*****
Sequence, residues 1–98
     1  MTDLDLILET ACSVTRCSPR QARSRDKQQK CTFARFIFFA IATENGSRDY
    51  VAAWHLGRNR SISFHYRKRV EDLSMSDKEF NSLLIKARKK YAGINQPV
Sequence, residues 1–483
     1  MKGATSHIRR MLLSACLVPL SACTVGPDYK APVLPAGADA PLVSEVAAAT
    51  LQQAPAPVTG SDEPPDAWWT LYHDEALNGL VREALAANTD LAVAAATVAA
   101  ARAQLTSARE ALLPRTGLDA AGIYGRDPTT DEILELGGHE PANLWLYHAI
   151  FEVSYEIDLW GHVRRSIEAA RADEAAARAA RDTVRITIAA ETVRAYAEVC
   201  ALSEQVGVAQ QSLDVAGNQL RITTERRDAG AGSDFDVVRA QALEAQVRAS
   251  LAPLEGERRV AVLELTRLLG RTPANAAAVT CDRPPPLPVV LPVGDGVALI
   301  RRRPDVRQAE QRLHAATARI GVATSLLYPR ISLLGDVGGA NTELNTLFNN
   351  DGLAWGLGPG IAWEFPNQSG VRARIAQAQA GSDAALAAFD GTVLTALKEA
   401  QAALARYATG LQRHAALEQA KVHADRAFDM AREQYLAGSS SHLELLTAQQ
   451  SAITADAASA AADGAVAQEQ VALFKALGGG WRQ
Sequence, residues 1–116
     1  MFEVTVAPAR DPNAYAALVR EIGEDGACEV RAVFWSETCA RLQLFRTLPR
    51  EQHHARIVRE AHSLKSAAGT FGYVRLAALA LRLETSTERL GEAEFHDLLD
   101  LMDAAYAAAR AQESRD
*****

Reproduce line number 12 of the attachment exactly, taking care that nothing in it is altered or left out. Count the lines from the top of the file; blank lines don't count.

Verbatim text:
   351  DGLAWGLGPG IAWEFPNQSG VRARIAQAQA GSDAALAAFD GTVLTALKEA